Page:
Republic of Taiwan
Zhōnghuá Mínguó (Mandarin)
Chûng-fà Mìn-koet (Hakka)

Timeline: The Era of Relative Peace

OTL equivalent: Taiwan
Flag of the Republic of China National Emblem of the Republic of China
Flag Coat of Arms
Taiwan (orthographic projection; southeast Asia centered)
Location of Taiwan in green.
Anthem "(中華民國國歌) National Anthem of the Republic of China"
Capital Taipei
Largest city Taipei-New Taipei
Other cities Kaoshung
Mandarin, Formosan languages, Hakka
  others Taiwanese Hokkien
Ethnic Groups
Han Chinese
  others Hokkien, Hakka, Waishengren, Aborigines, Japanese, Korean, Filipino
Government Unitary semi-presidential republic
  legislature Legislative Yuan
Area 36,197 km²
Population 23,567,836 
Independence from People's Republic of China
  declared December 7, 1949
  recognized October 1, 1991
Taiwan (officially the Republic of Taiwan, formerly the Republic of China) is a sovereign island nation located on the island of Taiwan (formerly called Formosa). The country shares maritime borders with the Chinese Federated Union, the Philippines, and Japan via the Ryukyu Islands. Taiwan finally achieved it's independence in 1991 following the collapse of the People's Republic of China during the Second Chinese Civil War.



The island was the where Chiang Kai Shek's Nationalist forces retreated to once Mao Zedong and the communists took control of the mainland. Taiwan was protected by Communist invasion by the United States Navy. On March 3, 1955, the United States and the Republic of China signed the Sino-American Mutual Defense Treaty which prevented mainland Chinese takeover of the island. Around this time, the ROC was recognized as the legitimate China over the PRC. This changed in the late 1960s and the 1970s when much of the international community recognized the PRC. In 1971, the ROC was replaced by the PRC in the United Nations Security Council. In 1979, the United States severed relations with Taiwan as it recognized the People's Republic of China as the legitimate government of China as per the "One-China policy." The Sino-American Mutual Defense Treaty was terminated on December 31, 1979. Despite this, the United States and most of the international community maintained unofficial relations with Taiwan. The U.S. still continued to supply the most advanced military hardware to the ROC Armed Forces, which included during the 1980s up to the 1990s including the F-16 Falcon as of the breakup of World War III. The Taiwanese were in the process of creating their own fighter jet, the ADIC FCK-1, while was in the process of ordering the French Dassault Mirage 2000.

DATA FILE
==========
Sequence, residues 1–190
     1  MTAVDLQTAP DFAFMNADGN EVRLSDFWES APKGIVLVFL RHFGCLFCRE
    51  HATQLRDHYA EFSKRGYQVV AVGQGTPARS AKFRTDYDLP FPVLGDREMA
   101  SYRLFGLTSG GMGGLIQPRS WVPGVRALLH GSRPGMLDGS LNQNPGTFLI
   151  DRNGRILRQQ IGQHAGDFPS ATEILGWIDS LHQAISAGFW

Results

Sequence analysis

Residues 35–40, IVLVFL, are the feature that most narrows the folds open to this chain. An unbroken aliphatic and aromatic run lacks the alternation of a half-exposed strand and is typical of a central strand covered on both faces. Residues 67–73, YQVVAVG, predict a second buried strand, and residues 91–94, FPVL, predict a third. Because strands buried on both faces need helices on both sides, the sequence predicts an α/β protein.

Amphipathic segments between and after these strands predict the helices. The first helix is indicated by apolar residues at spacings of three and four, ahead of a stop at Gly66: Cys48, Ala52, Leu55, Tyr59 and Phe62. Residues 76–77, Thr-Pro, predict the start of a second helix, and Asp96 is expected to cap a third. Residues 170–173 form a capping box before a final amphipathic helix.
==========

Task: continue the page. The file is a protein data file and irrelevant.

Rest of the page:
World War III

SS793 Submarines1

ROCS Hai Lung in the Taiwan Strait.

Taiwan took a cautious role in the initial stages of the war. It partially mobilized its armed forces after reports of Soviet Air Force TU-95s that crossed nearby Taiwanese and Philippine air space. The ROC anticipated a potential Chinese invasion. Fears of the invasion finally came through in January 1990 when the People's Republic of China entered the war on the side of the Soviet Union. China declared war on the United States and its allies, which included Taiwan. For many years, analysts have predicted that the political status of Taiwan would be a flashpoint for a war in Asia. However, Taiwan had the upper hand since their navy and air force was technologically superior compared to the Chinese People's Liberation Army Navy. As predicted, the Taiwan Strait became the a battleground between Chinese and Taiwanese vessels. Taiwanese destroyers were able to sink several PLA vessels, with Taiwan's two submarines purchased from the Netherlands in 1986, the ROCS Hai Lung and the ROCS Hai Hu, became the hunters for PLA ships within the strait. They would also join American, Australian, British, and Japanese submarines attacking ships and naval yards within the Chinese coastline.